1991 Acura NSX: Engineer Ride-Along

1991 Acura NSX Long Term Road Test

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1991 Acura NSX: Engineer Ride-Along

February 02, 2012


Our friend the ride engineer took a turn in our wayback machine, driving the 1991 Acura NSX. It took him back to the time when the 1990 Nissan 300ZX Turbo was brand new.

We didn’t find any place to drive fast, so we just pottered about in the dark for an hour or so.  Since he had arrived in a Nissan GT-R, his first observation wasn’t much of a surprise.

“Sure rides good,” he said.

Naturally there was some wrestling with the un-assisted steering, but he confessed that it simply had been a long time since he’d driven anything with manual steering.  He offered the impression that the steering ratio seemed a little slow, probably because the Honda engineers wanted to make sure the mid-engine package would be very stable.

“Sure rides good,” he said.

The aluminum chassis felt very tight to him despite its age, and it didn’t have any of the resonance the sometimes comes with structures that are in fact a little too tight. The isolation from bumps was practically amazing, especially from a Honda of this era, when too much spring rate and too little suspension travel was the order of the day.  The brake pedal was very firm, too.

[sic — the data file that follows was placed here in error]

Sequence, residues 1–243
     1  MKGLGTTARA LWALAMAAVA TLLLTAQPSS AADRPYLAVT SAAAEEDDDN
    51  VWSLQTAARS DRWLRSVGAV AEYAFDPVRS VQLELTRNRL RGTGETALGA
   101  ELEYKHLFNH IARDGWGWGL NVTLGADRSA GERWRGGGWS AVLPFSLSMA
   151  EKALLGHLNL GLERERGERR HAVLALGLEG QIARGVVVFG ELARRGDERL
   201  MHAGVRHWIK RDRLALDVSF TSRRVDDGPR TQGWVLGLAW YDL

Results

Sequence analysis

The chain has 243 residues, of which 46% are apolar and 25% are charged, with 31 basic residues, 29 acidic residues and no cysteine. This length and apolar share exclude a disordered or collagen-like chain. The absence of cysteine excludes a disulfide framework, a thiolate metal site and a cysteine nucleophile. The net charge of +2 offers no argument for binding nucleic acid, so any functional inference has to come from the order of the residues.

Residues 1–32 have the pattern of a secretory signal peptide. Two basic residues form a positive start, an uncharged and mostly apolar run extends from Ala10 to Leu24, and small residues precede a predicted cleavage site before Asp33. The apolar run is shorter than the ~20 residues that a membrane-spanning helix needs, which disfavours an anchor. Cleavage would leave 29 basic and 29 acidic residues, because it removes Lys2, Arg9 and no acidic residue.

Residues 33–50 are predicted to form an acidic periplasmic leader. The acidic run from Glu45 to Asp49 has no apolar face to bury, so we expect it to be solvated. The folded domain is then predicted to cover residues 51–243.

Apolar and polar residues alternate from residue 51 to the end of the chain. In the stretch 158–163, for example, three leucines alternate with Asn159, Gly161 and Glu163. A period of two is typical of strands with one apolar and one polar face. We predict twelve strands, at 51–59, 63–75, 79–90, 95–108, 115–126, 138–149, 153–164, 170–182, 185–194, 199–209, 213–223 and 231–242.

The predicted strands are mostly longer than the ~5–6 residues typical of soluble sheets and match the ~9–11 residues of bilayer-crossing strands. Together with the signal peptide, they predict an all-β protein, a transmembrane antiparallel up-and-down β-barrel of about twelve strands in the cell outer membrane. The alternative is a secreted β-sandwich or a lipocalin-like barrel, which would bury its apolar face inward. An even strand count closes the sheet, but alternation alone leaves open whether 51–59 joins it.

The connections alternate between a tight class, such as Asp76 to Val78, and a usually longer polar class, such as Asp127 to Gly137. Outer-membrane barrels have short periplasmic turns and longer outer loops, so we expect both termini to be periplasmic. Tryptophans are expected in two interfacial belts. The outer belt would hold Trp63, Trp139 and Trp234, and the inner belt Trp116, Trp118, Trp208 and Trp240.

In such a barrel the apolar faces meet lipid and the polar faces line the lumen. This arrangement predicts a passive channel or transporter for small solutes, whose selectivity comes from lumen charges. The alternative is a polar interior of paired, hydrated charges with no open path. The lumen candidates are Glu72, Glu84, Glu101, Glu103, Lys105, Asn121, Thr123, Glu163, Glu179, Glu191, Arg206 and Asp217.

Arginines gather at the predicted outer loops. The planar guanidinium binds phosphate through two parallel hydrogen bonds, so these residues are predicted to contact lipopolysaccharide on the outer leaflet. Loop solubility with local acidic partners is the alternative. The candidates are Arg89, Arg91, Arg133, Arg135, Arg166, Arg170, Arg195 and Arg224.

“Sure rides good,” he said.

The engine didn’t get much enthusiasm from him. It seemed underpowered and it made a noise like an old even-fire Buick V6, while the clutch action was strangely heavy. The throws in the transmission’s shift pattern were very tight and the action was good even though the linkage felt like plastic. His feet were too big for the pedals and his getaways from a stop were not very smooth, as if the car felt unexpectedly heavy. Most important, all the effort levels for the controls were a little different.

“Sure rides good,” he said.

Great visibility.  Interesting cabin design, especially the center console, which recalled lots of cars from that time for him.  Plenty of room for a 99-percentile American male.

Car looks good, although it does seem a foot too long because of the trunk. Car feels big and even heavy from behind the wheel. Not very interesting to drive, neither alert nor alive. Car doesn’t deliver a very strong sense of where it wants to go.

Finally I asked him if it felt very unique to be driving a mid-engine car.

“To tell you the truth,” he said. “Until you just mentioned it, I really had no feeling about whether the engine was in front of me or behind me.

“It sure does ride good, though.”

Michael Jordan, Executive Editor, Edmunds.com

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